The Advent of Code is my favorite time of the year. This time around I’m using Go, a language I’ve been learning over the last few months (by completing previous years' AoC problems), and will be blogging my (hopefully!) daily solutions.

### The problem

See the original problem and my full solution.

#### Part One

*Given a list of integers, find the number of integers that are larger than the one immediately preceding it.*

This problem is fairly straightforward. Once we’ve parsed the input file, we have a slice of integers, and need to iterate through it. There are two options for this:

- You could iterate from element 0 to element
`len(nums)-1`

and compare`nums[i] < nums[i+1]`

; - You could iterate from element 1 to element
`len(nums)`

and compare`nums[i] > nums[i-1]`

.

I actually think the second approach would be easier because you don’t need to think too hard about where to stop, but in the heat of the moment I went for the first approach.

```
func DayOneA(fp *bufio.Reader) string {
nums := readInputDayOne(fp)
count := 0
for i := 0; i < len(nums)-1; i++ {
if nums[i] < nums[i+1] {
count++
}
}
return strconv.Itoa(count)
}
```

(see the above Github link to the full solution for the definition of `readInputDayOne`

)

#### Part Two

*Given a list of integers and a three integer wide sliding window, find the number of windows where the sum of values is larger than the sum of values in the window immediately preceding it.*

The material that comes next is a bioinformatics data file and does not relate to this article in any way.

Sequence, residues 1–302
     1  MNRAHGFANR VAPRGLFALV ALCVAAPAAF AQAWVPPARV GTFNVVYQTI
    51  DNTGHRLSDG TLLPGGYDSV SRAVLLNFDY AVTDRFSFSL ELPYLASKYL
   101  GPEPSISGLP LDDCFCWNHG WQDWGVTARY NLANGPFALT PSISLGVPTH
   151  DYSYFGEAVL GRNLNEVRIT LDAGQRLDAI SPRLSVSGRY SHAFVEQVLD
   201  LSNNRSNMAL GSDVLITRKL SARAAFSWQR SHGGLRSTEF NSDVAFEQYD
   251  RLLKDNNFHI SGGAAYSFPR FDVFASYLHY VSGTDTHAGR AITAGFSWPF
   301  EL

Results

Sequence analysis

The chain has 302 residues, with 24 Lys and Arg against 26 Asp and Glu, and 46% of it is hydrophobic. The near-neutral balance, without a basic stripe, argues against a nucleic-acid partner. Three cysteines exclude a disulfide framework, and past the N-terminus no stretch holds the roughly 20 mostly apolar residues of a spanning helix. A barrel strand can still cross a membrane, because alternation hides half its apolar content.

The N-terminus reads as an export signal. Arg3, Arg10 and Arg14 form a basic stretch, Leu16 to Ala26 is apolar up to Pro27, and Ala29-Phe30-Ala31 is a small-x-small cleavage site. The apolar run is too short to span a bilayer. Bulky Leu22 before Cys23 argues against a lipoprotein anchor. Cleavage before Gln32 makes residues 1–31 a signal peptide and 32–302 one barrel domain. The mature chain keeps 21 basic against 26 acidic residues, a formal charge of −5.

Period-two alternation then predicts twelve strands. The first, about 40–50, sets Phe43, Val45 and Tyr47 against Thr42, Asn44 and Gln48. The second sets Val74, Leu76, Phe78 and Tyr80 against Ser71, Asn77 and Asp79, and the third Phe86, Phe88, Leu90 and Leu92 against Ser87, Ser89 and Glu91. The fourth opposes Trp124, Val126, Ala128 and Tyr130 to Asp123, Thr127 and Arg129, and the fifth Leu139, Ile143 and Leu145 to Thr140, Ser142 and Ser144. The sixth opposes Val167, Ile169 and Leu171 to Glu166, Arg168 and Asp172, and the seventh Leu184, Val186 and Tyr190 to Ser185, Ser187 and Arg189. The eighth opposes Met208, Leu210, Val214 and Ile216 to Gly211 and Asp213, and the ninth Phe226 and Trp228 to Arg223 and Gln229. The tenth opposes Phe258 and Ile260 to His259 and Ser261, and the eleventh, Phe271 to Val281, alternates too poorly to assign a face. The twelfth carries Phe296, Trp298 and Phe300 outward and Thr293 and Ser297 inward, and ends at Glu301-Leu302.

Like all AoC problems, part two is a variation of part one. Now instead of comparing individual integers, you’re comparing the sums of three integer wide window. The windows overlap, such that the first one would be indexes 0, 1, and 2; the second indexes 1, 2, and 3; the third indexes 2, 3, and 4, etc.

The two obvious solutions are the basically the same as part one. I chose the first again:

```
func DayOneB(fp *bufio.Reader) string {
nums := readInputDayOne(fp)
count := 0
for i := 0; i < len(nums)-3; i++ {
if nums[i]+nums[i+1]+nums[i+2] < nums[i+1]+nums[i+2]+nums[i+3] {
count++
}
}
return strconv.Itoa(count)
}
```

There’s a better solution, though, which I think is fairly obvious when looking at the code. Comparing two windows, `i+1`

and `i+2`

are in both, so really the only question is whether `i+3`

is larger than `i`

or not. The loop could then be written very cleanly as:

```
for i := 3; i < len(nums); i++ {
if nums[i] > nums[i-3] {
count++
}
}
```

or even:

```
for i, v := range nums[3:] {
if v > nums[i] {
count++
}
}
```

but when trying to compete for a quick time these things aren’t always so obvious. Much to my chagrin, though, an off-by-one error with the loop termination cost me a minute and several hundred places for part two, so in the future I need to be more alert to when I can simplify such things.